"...Central Aguirre is a veritable Drake's treasure. Since 1920, it has paid dividends on common stock of 30% or better....Six years it paid 40% or better...The Fajardo Sugar Co. also shows brilliant dividend history...from 1910 to 1919 it paid 10% three times; four times it paid dividends below 10%...in 1920, however, this company paid a dividend over 100%...South Porto Rico Sugar Co. has pay a regular dividend of 8%...it paid 10% or better during nine years, and in 1920 paid 120%..."
TABLE 5

Puerto Rico Sugar Exports from 1901 to 1927

Fiscal Year
Small tons
Value
Average Price
1901
1910
1911
1912
1913
1914
1915
1916
1917
1918
1919
1920
1921
1922
1923
1924
1925
1926
1927
68,908
284,522
322,918
367,145
382,700
320,633
294,475
424,955
488,943
336,788
351,910
419,388
409,407
459,889
355,423
372,041
571,559
578,811
574,869 
$ 4,715,611
23,545,922
24,479,344
31,544,063
26,619,158
20,240,333
27,278,754
45,809,445
54,015,903
41,363,229
48,132,419
98,923,750
72,440,924
40,820,333
46,207,276
47,838,687
53,261,995
48,223,258
54,756,984
$ 68.43
82.75
75.81
85.92
69.55
63.12
92.64
107.79
110.47
122.81
136.77
235.88
176.94
86.85
130.01
128.58
93.20
83.30
95.25

Source: Annual Report of the Government of Puerto Rico. 1927.

 After a closer look at table 6 it becomes obvious that even in those years when the sugar price went down production went up at the same time. Even taking account of the deviations of the war years,  sugar prices were for the most part healthy.
 

II-The US Sugar Industry Vis a Vis the Puerto Rican Labor Force.- 1900-1920s.

1.The Birth of the Puerto Rican Labor Movement, its Leader, and its American Flavor.-

    In chapter one I discussed the different ways in which the Puerto Rican labor force manifested itself during the tenure of the Spanish conquerors. Nevertheless the seed planted in the late 1890s seems to have borne fruit and by the end of the century labor began to show the face of an organized sector. The arrival of the new invaders would make possible the legalization of the labor movement. The bulk of the sugar-cane labor was made up of a combination of elements: on one hand the displaced agregados, the former coffee workers, and in many cases former colonos that either lost or sold their lands to the big sugar companies. Although the new colonial government would allow the existence of labor organizations this did not signify that it would recognize the plight of the sugar-cane worker.

    When the US troops disembarked in Puerto Rico, in 1898, Santiago Iglesias Pantín was still jailed in San Juan. After being freed by the Americans he would start a peregrination throughout the island preaching the labor gospel. A good friendship developed between Iglesias and one of the US commanders. This friendship afforded him two important luxuries: the opportunity to freely preach his message, and the protection of the US troops:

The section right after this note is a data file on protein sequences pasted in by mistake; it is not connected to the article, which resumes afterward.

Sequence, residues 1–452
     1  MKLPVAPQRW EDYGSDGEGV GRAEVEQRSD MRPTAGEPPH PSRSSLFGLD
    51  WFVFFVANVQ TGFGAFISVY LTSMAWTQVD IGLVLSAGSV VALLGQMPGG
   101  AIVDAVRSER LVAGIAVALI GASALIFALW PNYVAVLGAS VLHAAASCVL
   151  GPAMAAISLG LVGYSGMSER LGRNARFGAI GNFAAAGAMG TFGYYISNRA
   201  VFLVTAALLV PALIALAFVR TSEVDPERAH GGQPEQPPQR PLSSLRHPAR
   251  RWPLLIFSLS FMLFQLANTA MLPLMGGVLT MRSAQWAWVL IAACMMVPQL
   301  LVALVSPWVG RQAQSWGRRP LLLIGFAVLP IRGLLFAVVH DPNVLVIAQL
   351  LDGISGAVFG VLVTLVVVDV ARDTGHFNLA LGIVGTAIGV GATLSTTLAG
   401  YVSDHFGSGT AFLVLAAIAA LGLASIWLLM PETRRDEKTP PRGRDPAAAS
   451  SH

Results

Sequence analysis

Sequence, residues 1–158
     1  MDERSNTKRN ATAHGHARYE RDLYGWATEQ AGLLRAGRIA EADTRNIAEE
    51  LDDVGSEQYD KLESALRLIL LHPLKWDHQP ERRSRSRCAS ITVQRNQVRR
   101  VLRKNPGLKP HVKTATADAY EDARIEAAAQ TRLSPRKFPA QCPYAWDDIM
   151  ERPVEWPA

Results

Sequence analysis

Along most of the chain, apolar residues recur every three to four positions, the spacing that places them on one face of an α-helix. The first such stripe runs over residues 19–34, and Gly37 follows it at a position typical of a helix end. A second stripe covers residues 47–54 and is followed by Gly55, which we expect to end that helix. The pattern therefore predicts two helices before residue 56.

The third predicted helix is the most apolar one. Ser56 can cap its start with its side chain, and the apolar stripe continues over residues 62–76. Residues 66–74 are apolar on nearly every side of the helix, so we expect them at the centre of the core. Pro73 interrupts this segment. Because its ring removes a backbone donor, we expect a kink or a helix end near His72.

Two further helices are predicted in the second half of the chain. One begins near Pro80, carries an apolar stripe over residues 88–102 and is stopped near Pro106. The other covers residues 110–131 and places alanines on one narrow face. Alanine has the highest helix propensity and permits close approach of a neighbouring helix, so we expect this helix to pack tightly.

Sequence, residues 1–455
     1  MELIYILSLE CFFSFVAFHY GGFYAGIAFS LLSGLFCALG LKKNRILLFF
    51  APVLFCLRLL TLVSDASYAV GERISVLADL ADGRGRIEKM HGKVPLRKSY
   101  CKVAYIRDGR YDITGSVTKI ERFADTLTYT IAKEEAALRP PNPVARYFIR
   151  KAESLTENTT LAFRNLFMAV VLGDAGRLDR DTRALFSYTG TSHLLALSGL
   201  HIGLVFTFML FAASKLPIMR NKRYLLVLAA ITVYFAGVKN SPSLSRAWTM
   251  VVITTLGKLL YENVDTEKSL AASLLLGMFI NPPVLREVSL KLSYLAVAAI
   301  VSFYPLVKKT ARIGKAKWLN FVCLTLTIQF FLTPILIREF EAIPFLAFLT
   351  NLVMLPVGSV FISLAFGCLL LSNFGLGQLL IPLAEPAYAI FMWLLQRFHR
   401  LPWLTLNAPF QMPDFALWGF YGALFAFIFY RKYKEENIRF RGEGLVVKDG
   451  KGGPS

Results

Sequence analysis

"...preaching his doctrine of social justice and worker's liberation, to the amazement and wrath of many landlords. Even if the army leader little understood what he was saying, the army obviously liked to have the youthful, passionate orator on their side as they took over the country."
    Iglesias admire the history of struggle of the American workers and their achievements. Iglesias and his closest followers pledged loyalty to the invaders in exchange for their support and protection. Under the American umbrella Iglesias would for the first time establish a labor organization. In October 1898 The Regional Federation of Puerto Rican Workers (F.R.W.) was born. Soon after its beginning the R.F.W. won its first battle in favor of the Puerto Rican worker. The then governor of Puerto Rico, General Henry, signed the law of the 8 Hour Day. Although the law was passed it was not enforced for many years. (see Morales Carrión.p.177 and Scarano. pp.536-537)

    Everything appeared to be fine at the beginning of the R.F.W.'s existence but it did not last long. After less than a year the R.F.W. split over political differences and loyalties to the Americans. Out of this division a new labor organization emerged: the Free Federation of Workers (F.F.W.) was formed in June 1898. A point worth making is that on that same day the Socialist Workers Party was also created. The politicization of the labor movement would later undermine some of the gains made by the labor movement. Historian Fernando Picó maintains that the chief reason why the F.F.W. became so powerful came from the ties that would develop between them and the A.F.L. (American Federation of Labor). Iglesias developed a very cordial relationship with the A.F.L. founder and President Samuel Gompers. Iglesias even became a paid representative of the A.F.L. in Puerto Rico.